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A Hidden Childhood
A Jewish girl's sanctuary in a French convent 1942-1945

by Frida Scheps Weinstein ©2014, Paperback, ISBN: 978-1-935232-71-1, 178 pp
 

A sensitive young girl, known to the reader as F., is sent from the Jewish neighborhood in Paris where she lives with her mother to a convent school at the Chateau de Beaujeu. It is 1942, and the little girl's removal, although she is too young to realize it, is meant to provide sanctuary from the Germans, who have overrun much of France. F.'s initial fascination with her new surroundings is tempered by uneasy recollections: her father has gone to Jerusalem, and her mother often embarrassed her by speaking Yiddish on the street. Isolated from her past, F. becomes increasingly fascinated by the power and mystery of the Catholic Church, and she is soon first in her class at catechism, intent on becoming a “daughter of the Church.”

 

Much of the power of this memoir derives from its being narrated from a child's viewpoint, evoking F.'s innocent confusion at being separated from her parents. In her eagerness to be like her classmates, F. has difficulty identifying with her Jewish heritage. More than anything else, she longs to be baptized, and when her mother refuses to give permission, F. decides she does not need a family, because she has God and the Church. But her memories of life among the Jewish refugees in Paris grow increasingly vivid and disturbing when she realizes that the Nazis have taken her mother from France. As F. prepares to leave Beaujeu, she knows that she is truly alone.

Me, shortly before I was sent to the Chateau de Beaujeu.

I TUG ON THE STRING a little harder. I’m afraid the

box will tear. The shoebox is jammed against the

sidewalk. It’s because of my mother. She’s pushing

me. We have to hurry. When I’m with my mother

we’re always late. I run to free the box. My doll has

come halfway out from the jolt, and her blue eyes are

almost open. It’s my first doll, which can open and

close its eyes. The scraps of cloth have come out, too.

I rear range them. I like old cloth. It’s so soft when you

touch it, and you can rumple and tear it and you still

have a piece of cloth.

 

The passersby are laughing because the shoebox is

dragging and making a noise. They stop. They don’t

see that it’s a little baby carriage. My mother can’t buy

me a real one. I also wanted a mechanical doll that

could walk by itself. My mother has no money. But we

are not poor. I don’t like poor people or beggars. I am

warmly dressed and well fed. My mother says that’s the

main thing. She deals in the “market.” Everyone says

she manages very well. Aunt Ida—that’s her sister—is

always coming to the house to ask where she can find

work. But she doesn’t like to deal in the market. She

loves to dress up, to play the coquette, and my mother

says she is looking for a husband. Aunt Ida does every -

thing I want. She is afraid of me. I’m a spoiled child.

We arrive at the railroad station. It’s still very dark.

We got up early. We can hardly see through the smoke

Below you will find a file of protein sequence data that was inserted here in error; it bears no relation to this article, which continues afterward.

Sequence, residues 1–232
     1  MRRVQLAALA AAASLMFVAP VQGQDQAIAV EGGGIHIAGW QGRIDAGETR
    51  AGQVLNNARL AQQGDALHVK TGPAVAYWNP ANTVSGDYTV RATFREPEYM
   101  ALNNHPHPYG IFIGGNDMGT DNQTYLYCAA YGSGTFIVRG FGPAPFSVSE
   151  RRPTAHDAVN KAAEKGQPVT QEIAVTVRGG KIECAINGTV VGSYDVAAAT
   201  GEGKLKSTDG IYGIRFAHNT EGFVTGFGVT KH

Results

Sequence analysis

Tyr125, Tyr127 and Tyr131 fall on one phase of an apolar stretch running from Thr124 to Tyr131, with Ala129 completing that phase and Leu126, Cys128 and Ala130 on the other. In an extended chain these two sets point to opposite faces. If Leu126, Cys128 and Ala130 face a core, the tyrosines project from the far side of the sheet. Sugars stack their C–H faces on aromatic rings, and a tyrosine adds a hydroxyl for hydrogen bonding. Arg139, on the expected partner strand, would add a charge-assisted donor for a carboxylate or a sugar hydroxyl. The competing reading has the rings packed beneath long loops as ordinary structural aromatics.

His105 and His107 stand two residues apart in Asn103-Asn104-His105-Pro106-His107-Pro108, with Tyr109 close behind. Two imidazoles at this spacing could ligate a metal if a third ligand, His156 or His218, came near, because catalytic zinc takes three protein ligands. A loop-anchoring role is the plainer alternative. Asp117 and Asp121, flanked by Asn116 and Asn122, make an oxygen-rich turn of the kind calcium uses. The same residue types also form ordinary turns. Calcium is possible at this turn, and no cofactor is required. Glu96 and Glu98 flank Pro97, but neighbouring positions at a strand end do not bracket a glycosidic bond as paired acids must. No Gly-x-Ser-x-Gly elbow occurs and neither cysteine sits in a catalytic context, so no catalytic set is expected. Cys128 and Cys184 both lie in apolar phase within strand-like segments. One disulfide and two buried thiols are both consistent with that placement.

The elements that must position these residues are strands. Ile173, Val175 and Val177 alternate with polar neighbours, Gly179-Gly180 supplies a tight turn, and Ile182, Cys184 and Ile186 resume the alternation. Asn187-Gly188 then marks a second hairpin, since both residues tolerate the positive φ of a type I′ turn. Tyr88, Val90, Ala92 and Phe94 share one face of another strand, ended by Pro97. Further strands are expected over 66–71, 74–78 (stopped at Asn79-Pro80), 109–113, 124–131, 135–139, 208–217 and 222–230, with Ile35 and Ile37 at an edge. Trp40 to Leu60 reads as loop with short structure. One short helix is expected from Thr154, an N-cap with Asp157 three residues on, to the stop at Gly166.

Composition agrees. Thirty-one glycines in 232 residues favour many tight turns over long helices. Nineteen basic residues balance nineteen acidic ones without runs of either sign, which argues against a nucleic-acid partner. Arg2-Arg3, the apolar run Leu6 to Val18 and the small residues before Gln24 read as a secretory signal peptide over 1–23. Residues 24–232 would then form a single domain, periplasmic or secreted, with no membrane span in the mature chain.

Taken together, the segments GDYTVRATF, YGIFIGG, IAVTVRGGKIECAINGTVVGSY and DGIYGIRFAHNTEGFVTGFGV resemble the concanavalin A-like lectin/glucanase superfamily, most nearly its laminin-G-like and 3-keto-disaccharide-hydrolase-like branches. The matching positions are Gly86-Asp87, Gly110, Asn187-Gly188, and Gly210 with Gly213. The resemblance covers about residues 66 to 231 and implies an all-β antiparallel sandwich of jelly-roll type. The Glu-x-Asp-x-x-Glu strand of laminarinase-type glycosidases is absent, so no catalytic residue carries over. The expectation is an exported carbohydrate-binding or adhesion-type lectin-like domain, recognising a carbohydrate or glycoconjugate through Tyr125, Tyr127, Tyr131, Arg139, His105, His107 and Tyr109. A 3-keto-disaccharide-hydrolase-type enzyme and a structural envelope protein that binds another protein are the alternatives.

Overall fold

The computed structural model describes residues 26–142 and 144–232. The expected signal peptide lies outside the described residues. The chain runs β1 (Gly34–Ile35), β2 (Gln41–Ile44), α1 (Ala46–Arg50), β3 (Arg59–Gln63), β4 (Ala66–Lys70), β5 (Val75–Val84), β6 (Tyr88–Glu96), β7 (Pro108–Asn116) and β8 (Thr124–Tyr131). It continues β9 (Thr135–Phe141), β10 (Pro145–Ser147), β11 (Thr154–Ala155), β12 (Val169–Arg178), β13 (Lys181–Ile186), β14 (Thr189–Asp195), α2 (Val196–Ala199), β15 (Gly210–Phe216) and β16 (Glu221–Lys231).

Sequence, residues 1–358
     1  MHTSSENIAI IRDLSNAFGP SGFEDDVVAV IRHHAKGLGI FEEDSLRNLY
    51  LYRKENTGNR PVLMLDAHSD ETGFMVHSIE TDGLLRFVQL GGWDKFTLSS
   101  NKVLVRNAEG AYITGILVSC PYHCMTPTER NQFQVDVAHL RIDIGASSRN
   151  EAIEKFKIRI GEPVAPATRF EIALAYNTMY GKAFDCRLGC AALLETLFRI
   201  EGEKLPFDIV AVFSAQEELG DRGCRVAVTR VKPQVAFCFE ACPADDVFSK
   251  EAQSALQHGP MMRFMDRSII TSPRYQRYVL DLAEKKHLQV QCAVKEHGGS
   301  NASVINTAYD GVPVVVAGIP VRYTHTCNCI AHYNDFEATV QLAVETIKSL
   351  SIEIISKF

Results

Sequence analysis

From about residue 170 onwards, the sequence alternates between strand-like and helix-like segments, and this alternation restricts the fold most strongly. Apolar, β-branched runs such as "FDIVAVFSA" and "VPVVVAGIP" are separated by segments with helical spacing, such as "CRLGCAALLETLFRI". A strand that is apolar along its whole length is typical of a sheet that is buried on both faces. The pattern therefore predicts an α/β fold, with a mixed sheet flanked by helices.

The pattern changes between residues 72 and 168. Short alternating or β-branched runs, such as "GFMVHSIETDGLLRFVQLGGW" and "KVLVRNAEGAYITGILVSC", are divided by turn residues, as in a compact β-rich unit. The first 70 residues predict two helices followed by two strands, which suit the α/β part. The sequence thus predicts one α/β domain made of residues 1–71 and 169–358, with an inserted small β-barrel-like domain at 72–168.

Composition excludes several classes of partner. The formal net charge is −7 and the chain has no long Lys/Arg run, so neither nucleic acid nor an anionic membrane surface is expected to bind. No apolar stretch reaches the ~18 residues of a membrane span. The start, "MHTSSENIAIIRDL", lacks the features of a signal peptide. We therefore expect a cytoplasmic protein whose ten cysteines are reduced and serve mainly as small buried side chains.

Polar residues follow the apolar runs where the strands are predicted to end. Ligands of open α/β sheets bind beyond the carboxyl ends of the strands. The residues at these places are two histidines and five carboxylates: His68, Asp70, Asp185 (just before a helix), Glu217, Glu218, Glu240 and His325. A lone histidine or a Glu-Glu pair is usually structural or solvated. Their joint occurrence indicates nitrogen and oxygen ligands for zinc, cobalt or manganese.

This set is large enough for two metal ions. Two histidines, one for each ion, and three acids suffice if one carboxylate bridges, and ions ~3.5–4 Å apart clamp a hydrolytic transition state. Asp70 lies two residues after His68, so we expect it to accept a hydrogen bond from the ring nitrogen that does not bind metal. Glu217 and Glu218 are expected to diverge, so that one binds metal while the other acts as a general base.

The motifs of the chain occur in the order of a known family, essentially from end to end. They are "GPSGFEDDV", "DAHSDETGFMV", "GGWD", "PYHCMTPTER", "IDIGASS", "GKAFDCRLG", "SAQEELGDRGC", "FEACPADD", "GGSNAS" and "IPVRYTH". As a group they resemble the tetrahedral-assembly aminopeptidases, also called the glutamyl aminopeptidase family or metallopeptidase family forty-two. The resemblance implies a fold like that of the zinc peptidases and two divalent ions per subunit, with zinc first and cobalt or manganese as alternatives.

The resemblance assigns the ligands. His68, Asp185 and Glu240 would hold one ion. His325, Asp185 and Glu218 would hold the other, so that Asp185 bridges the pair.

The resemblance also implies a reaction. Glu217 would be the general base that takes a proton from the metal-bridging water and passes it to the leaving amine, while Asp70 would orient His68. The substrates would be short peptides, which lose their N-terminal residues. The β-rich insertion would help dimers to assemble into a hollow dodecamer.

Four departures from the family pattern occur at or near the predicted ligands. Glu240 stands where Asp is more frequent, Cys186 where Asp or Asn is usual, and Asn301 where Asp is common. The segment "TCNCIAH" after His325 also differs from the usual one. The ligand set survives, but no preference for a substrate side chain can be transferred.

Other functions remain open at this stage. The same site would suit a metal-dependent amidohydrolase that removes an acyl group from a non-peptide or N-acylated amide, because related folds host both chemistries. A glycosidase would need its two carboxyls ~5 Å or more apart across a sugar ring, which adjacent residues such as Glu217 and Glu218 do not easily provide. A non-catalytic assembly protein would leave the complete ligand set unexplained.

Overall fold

billowing over the engine. Two cars are linked. I love

it. It makes a funny noise when they touch each other

where the big nails are. A very tall lady, holding two

little girls by the hand, stops us on the platform. She’s

wearing a long black veil with a little red cross—it’s the

Red Cross lady. I recognize her. One of the little girls

has long black stockings on. I’d like some, too.

 

My mother is wearing her everyday green coat. I

hate her. I don’t want the other girls to see me with

her, and I won’t take her hand. She doesn’t look like a

French woman. What’s more, she speaks with a foreign

accent. When she’s not speaking she keeps her mouth

open the way foreigners do, like the refugees on the

rue des Jardins Saint-Paul. That’s where we live, at

number 24. But across the street, at 35, almost no one

speaks French. They’re disgusting. As for me, I speak

without an ac cent, like a real French girl. I was born

 

in Paris, at the Hotel-Dieu. Only I don’t have a French

name. When I’m called on in class I blush. The teacher

can’t pro nounce my name. Everyone laughs. But I am

not a foreigner. They say my name is German. But if

the Germans question me they’ll soon see that I’m really

French. I look at my shoes, they’re shining. I have

to keep an eye on my doll in the box. One never

knows in wartime; there are a lot of thieves, especially

in train stations.

 

My mother is holding a paper bag. I recognize the

smell of oranges—I know it’s from the black market. I

see grease stains through the paper. There must be

some heavily buttered bread—it mustn’t show—people

mustn’t know. I’m supposed to eat bread every day, and

a lot of other nourishing things. But I won’t eat unless

I get a story. My mother tells me what’s happen ing at

the market. She tells me that they’re cheating her. That

makes me sad, but I want her to keep on talking.

When she tells the same story twice, I stop eating. That

gets on her nerves. She forces me but I clench my

teeth. Then she cries and says I make her miserable.

When she cries it makes me cry, too. I don’t like to cry

in front of people. My mother is always making me eat

on the trains, in gardens, in the street, places where nobody

eats.

 

I like stories and the street, too. Running in the

street with a gang of little girls. They never come to

my house. We swing on the chains around Ave Maria

Square, across the street from the school where I’m

learning to read. And then we run into the Metro

Saint-Paul and push the buttons on the map that has

all the different-colored lights. They chase us. We run

 

away. I’m always the last and they shout at us, “You

little brats!” We run back to St. Paul’s Church, near the

steps. I run faster. I’m afraid of churches. When the

bells ring it’s sad and grand. The great door is always

closed, except for marriages. I love to see the bride in

her white veil. I would like to get married like that

when I’m big.

 

The stationmaster shouts and whistles—people

rush around. I like the buttons on my new coat, I

touch one of them through the buttonhole. For several

evenings, my mother’s been doing some sewing across

the street at our neighbor’s house, Number 35. She also

made some new dresses for my trip. And she left me

all alone in the house. Locked in. I don’t like to be

locked in. I’m afraid my mother will be run over crossing

the street and there’ll be no one to open the door

for me. She always leaves while I’m asleep, but I wake

up; I scream and turn the light on in the blue room,